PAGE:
An Estonian folk tale about Tõll, the giant hero who lived on the Baltic Sea island of Saaremaa.

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An Estonian folk tale about Tõll, the giant hero who lived on the Baltic Sea island of Saaremaa.

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1980 (Estonia)  »

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Big Tyll  »

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A bizarre and fascinating slice of Estonian mythology
7 October 2007 | by (Australia) – See all my reviews

'Suur Tõll / Toell the Great' is undoubtedly one of the most unusual animated short films I have ever seen. The story was based on an Estonian folk tale about of the gigantic hero, Tõll, who lived on the island of Saaremaa (Oesel) in the Baltic Sea. Though he was king of the island, Tõll often worked as a common farmer, tending to his crops and returning to his loving wife, Piret. He was a good king, often quick to anger but always kind and willing to help his fellow man. Tõll's greatest enemy is a devil by the name of Vanatühi ("Old empty one," "Old vile one"), the god of the underworld who specialises in sly, cowardly mischief. In this film, when War comes to Saaremaa, Tõll arrives to aid his dying army, but the evil Vanatühi takes advantage of his absence to wreak havoc on Tõll's home.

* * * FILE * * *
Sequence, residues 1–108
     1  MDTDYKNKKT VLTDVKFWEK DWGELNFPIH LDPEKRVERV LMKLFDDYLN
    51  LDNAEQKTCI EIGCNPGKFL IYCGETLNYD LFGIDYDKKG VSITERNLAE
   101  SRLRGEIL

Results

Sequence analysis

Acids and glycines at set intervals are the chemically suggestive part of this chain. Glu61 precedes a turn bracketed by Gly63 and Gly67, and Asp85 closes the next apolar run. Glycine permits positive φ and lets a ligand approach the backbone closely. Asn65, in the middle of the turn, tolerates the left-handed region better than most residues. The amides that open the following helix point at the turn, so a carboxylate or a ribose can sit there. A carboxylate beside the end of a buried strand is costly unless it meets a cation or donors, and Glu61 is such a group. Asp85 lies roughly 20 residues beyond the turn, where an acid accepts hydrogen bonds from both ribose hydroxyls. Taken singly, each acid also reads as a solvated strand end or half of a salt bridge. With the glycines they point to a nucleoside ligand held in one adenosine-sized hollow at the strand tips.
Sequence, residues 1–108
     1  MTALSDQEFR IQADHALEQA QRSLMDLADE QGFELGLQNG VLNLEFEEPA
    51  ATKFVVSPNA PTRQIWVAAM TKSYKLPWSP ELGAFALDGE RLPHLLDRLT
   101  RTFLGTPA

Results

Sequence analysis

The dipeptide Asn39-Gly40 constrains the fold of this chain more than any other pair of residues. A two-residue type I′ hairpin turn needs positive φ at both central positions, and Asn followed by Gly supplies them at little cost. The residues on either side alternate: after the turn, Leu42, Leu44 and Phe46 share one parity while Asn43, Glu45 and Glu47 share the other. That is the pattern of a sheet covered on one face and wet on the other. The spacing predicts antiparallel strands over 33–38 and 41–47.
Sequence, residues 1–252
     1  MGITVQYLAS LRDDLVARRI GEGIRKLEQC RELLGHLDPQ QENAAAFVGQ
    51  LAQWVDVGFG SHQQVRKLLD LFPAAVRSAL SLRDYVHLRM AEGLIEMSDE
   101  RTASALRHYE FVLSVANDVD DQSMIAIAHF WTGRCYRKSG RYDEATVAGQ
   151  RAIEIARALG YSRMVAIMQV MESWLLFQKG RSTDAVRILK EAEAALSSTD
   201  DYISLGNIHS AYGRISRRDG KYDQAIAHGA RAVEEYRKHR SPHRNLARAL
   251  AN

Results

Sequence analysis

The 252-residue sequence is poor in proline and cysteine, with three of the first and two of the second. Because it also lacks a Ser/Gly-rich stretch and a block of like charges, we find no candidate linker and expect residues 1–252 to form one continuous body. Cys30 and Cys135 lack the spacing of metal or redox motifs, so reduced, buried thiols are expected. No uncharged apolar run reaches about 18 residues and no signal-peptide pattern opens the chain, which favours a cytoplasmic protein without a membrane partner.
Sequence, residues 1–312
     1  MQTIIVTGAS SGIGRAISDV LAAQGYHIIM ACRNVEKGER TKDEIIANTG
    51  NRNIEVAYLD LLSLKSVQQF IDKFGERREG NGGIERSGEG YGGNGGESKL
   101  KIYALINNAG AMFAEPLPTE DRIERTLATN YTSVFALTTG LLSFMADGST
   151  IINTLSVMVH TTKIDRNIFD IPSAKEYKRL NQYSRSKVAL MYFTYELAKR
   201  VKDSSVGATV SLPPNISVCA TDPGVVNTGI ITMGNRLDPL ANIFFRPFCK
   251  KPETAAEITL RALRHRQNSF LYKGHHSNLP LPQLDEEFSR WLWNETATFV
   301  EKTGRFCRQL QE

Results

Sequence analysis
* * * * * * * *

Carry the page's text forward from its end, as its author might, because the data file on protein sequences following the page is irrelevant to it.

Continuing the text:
The imagery of 'Suur Tõll' is completely and utterly unique, and I've never seen anything in its style before. There is perhaps nothing technically amazing about the animation itself, but it is presented in such a bizarre form that you must really see to understand. It's difficult to explain, but the images really do give the feeling of epic mythology; a world not quite grounded in reality, and yet strangely entrenched in history. The soundtrack to the film is majestic, compelling and haunting, with the booming chanting of the men often sending a shiver down my spine. If you get nothing else out of the film, there is no doubt whatsoever that the epic use of voices and sounds will remain with you for days afterwards.

The narrative of the film is often rather difficult to follow, and so it helped a lot that, prior to watching it, I had read an English-translated copy of the picture-book adaptation that was released several years later. Additionally, I would certainly not recommend this film to children. Though it reportedly aired widely on television, and quite a few Soviet children presumably saw it, the material really isn't appropriate at all, with violence and streams of blood featuring quite prominently. Aside from this, even the soundtrack would probably be enough to elicit nightmares for the younger crowd. Bizarre, majestic and utterly unforgettable, director Rein Raamat's 'Suur Tõll' is must-see viewing for every animation buff.


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